Wind Beneath My Wings
Rev. Linda Dolby
28 Have you not known? Have you not heard?
The Lord is the everlasting God,
the Creator of the ends of the earth.
He does not faint or grow weary;
his understanding is unsearchable.
29 He gives power to the faint,
and strengthens the powerless.
30 Even youths will faint and be weary,
and the young will fall exhausted;
31 but those who wait for the Lord shall renew their strength,
they shall mount up with wings like eagles,
they shall run and not be weary,
they shall walk and not faint.
Last Sunday I talked about overcoming our differences with illustrations from the movie “42,” the story of Jackie Robinson integrating major league baseball. Today’s theme is from another movie, "Beaches, “ which came out in the mid-80's and is the story of 2 friends - CeCe, who is a flamboyant Broadway star and Hillary, a more demure, refined woman. The film chronicles the ups and downs of their lives and their friendship. My husband would call it a "chick flick" because it's a real tearjerker as in the end Hillary dies. During the funeral scenes, the music underneath is Bette Middler singing "you are the wind beneath my wings." Some of the verses say:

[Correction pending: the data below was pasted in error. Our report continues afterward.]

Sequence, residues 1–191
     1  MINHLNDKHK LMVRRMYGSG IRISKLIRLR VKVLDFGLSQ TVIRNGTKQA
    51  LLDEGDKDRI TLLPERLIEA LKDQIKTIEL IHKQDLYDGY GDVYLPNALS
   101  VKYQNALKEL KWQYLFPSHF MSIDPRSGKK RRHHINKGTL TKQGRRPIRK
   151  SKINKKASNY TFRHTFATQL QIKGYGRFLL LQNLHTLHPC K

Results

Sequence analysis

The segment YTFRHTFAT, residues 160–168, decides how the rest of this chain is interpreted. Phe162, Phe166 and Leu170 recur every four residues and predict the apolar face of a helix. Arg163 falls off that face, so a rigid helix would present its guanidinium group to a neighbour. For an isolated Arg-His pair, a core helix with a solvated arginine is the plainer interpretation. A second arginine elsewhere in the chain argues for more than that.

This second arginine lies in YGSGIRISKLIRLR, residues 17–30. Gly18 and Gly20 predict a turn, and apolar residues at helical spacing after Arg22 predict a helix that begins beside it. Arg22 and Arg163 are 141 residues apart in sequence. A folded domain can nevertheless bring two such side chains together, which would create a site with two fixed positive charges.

Did you ever know that you're my hero, and everything I would like to be?
I can fly higher than an eagle, for you are the wind beneath my wings.
It might have appeared to go unnoticed, but I've got it all here in my heart.
I want you to know I know the truth, of course I know it. I would be nothing without you.
I think what one woman is saying to the other is that she has been able to soar because her friend has always been there beside her, cheering her on. It reminds me of the saying "We only give our children 2 things: one is roots and the other is wings."